I had started out as an Art/Painting major at another school.  During my freshman year I got a job in graphic design, and I knew that's what I wanted to do...
Melissa Mykal Batalin '06
EMAC gave me a breadth of study which became invaluable to me in my current job at DreamWorks Animation...
Eli Bocek-Rivele '06
The EMAC program taught me some of the necessary software to succeed in the field, along with many new ways of visualizing things and creating new ideas...
Christina Ciani '10
Certain courses taught me to look at everything from different perspectives, and that ... a situation may call for a non-traditional approach...
Kirk Duwel '03
I had the opportunity to work with feature animation right through graduation...
Adam Gaige '07
EMAC gave me an understanding of concepts and theories that I use every day in my career...
Josh Goldenberg '10
The diversity of classes I took while attending RPI as an EMAC student allowed me to discover my ideal career path...
Chris LaPointe '10
The EMAC program definitely prepared me for graduate school because it gave me an excellent foundation for a graphic design career...
Steve Lucin '08
It is unique that we receive a B.S. rather than a B.A. I think this opens a lot more opportunities...
Kimberly Gomboz '09
Being an EMAC major gave me the communication background needed for my job...
Emelie Hegarty '09
News Icon for RPI Celebrates Launch of New Music Degree with the Rensselaer Orchestra at Carnegie Hall

Rensselaer celebrated the launch of a new Bachelor of Science degree program with a debut performance by the Rensselaer Orchestra.

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Tomie Hahn

This is a representative list of faculty teaching EMAC core courses. For a comprehensive list, please see the specific departmental websites at www.arts.rpi.edu/ and www.cm.rpi.edu/ .

Tomie Hahn

Professor & Graduate Program Director, Arts and Director, Center for Deep Listening

Photo of Tomie HahnPhoto of Tomie Hahn

Professor of Performance Ethnology, Graduate Program Directors, Arts and Director, The Center for Deep Listening

  • Ph.D., Ethnomusicology, Wesleyan University
  • M.A., Urban Ethnomusicology, New York University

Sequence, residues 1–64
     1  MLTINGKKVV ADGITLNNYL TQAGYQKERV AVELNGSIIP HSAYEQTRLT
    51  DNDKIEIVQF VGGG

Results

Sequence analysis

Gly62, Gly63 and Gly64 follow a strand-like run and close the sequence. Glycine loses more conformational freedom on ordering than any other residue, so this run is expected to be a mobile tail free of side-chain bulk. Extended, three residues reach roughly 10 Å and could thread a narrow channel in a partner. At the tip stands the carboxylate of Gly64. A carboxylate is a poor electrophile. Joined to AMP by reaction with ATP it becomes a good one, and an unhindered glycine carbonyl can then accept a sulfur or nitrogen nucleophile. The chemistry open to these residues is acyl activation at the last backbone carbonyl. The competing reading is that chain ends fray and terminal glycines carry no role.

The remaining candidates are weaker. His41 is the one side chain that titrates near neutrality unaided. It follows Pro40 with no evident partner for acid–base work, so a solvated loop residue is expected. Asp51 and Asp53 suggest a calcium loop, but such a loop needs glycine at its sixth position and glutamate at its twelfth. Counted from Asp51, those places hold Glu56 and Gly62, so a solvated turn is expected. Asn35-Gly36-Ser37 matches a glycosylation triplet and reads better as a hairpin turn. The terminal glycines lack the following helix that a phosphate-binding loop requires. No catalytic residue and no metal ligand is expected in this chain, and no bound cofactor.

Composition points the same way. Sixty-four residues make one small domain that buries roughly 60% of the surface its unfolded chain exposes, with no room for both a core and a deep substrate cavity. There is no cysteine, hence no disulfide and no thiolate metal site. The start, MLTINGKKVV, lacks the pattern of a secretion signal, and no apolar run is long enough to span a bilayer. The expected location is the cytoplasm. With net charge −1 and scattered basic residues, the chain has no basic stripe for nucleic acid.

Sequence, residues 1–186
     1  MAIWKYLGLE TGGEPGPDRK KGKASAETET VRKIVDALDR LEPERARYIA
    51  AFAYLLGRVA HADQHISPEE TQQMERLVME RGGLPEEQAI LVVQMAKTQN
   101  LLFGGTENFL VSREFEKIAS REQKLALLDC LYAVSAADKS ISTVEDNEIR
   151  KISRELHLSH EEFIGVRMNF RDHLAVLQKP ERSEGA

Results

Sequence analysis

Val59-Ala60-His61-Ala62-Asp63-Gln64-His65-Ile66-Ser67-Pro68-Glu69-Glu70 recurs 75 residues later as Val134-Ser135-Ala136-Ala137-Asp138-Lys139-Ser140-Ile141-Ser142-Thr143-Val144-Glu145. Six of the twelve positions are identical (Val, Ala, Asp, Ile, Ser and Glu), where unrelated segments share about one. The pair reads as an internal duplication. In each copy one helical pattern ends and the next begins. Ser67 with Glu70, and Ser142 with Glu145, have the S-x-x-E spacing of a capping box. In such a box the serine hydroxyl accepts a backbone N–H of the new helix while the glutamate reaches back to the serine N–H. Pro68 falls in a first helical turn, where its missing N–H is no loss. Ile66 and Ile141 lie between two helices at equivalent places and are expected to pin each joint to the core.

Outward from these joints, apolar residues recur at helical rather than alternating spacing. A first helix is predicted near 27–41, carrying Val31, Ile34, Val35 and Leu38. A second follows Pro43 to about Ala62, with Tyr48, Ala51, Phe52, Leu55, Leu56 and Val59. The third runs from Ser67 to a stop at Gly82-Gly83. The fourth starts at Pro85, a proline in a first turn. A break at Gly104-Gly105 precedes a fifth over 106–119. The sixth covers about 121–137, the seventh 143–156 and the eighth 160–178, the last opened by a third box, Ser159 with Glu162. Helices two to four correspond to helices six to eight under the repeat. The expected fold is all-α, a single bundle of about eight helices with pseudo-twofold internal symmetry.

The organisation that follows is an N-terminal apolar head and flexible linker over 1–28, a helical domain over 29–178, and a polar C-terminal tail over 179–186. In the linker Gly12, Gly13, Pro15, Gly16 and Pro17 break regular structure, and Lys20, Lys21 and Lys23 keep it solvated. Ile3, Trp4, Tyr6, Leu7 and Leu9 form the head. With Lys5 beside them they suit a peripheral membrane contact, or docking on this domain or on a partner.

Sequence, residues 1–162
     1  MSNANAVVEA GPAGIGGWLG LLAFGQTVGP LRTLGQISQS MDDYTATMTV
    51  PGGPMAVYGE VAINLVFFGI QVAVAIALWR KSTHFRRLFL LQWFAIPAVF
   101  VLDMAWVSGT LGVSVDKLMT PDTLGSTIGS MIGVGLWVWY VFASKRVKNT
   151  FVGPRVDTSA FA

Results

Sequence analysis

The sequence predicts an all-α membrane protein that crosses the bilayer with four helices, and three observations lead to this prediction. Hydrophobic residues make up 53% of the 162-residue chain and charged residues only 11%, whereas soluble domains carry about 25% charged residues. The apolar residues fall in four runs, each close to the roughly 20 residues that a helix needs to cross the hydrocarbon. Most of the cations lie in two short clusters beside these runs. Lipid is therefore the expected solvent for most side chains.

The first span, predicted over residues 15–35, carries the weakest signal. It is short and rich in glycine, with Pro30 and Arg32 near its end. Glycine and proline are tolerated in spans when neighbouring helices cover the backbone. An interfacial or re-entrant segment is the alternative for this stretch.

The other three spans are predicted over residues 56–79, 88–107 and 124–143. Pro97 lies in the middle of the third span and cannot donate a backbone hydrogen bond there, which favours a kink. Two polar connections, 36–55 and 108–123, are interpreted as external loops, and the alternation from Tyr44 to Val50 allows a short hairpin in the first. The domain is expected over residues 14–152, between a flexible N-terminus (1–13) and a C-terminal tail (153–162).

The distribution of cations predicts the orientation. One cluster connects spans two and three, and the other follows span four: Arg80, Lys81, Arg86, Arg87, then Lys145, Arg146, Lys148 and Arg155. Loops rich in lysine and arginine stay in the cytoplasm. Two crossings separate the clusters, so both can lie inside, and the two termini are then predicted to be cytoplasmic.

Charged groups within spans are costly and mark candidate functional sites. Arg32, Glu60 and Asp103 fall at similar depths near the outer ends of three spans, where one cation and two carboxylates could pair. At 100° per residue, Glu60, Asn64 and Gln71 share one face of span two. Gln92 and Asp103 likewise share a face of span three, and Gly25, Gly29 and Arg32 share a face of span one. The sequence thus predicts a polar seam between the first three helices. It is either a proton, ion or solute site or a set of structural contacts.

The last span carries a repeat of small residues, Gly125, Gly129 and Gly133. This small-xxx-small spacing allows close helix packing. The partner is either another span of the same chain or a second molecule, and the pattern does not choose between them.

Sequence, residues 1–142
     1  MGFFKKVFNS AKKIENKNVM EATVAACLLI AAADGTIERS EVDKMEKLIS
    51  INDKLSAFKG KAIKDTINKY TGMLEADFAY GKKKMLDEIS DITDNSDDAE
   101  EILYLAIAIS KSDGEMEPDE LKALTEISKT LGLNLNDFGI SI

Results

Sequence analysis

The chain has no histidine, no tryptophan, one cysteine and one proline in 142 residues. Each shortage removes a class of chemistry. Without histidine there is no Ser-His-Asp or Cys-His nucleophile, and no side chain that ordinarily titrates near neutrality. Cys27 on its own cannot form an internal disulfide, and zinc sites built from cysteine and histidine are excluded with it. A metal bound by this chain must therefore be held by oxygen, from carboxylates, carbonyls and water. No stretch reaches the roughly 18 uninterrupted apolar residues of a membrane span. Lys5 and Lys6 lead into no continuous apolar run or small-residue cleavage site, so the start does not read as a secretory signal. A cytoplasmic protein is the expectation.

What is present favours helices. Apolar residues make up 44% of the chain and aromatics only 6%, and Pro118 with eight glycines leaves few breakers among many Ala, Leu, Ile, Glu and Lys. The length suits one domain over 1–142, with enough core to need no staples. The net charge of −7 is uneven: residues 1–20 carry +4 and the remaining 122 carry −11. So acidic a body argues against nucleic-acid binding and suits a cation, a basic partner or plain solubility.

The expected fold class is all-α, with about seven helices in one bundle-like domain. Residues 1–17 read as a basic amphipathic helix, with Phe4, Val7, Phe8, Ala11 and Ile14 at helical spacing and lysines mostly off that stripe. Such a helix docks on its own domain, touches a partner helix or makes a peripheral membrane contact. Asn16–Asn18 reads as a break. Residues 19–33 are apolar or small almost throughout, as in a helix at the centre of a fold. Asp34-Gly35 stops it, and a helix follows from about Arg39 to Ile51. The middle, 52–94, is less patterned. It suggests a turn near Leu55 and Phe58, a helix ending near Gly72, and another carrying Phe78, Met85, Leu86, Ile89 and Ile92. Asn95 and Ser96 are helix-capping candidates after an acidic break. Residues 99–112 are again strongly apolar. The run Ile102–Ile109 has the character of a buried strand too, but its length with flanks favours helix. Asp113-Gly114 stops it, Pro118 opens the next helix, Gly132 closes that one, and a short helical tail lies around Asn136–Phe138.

• B.S., Performance and Art History, Indiana University (Bloomington campus)

Tomie Hahn is a performer and ethnologist whose activities span a wide range of topics including: Japanese traditional performing arts, Monster Truck rallies, issues of identity and creative expression of multiracial individuals, and relationships of technology and culture; interactive dance/movement performance; and gestural control and extended human/computer interface in the performing arts. She is a teacher/performer of shakuhachi (Japanese bamboo flute), and of nihon buyo (Japanese traditional dance) holding the professional stage name, Samie Tachibana. Hahn is also the director of the Center for Deep Listening at Rensselaer. 

“I am a performer and ethnographer,” Hahn said. “My work centers on the theme of embodiment, specifically embodied cultural knowledge. Comprehending the active involvement of the body in both performance and fieldwork has informed my ethnographic research, which in turn has influenced my artistic practice. The question of how individuals learn through the body—specifically, how we embody cultural knowledge—is a returning theme in much of my artistic and scholarly work.”

She has collaborated with Curtis Bahn, for several decades in the development of new experimental intermedia works and new performance technologies. Their work has been featured in the New York Times, Art Byte, and the Rensselaer magazine.

Hahn has performed and lectured at venues including The Metropolitan Museum of Art, The American Museum of Natural History, Japan Society, Asia Society, The Freer-Sackler Gallery of the Smithsonian Institute, MIT Media Lab, Franklin Furnace, ABC No Rio, Mobius, and Galapagos Art Space.

Hahn is the author of Sensational Knowledge-Embodying Culture through Japanese Dance (Wesleyan University Press), which won the 2008 Alan P. Merriam Prize from the Society for Ethnomusicology's, recognizing the most distinguished, published an English-language monograph in the field of ethnomusicology. Other recent publications include "Recipe for Mixing" essay in Other Tongues: Mixed-Race Women Speak Out, and "enso-maesthetics—emerging shapes," a graphic text response to Richard Shusterman's Body Consciousness: A Philosophy of Mindfulness and Somaesthetics.

Contact info:
Office number: West Hall305
Phone number: 518.276.2379
Fax number: 518.276.4370
Email Address: hahnt@rpi.edu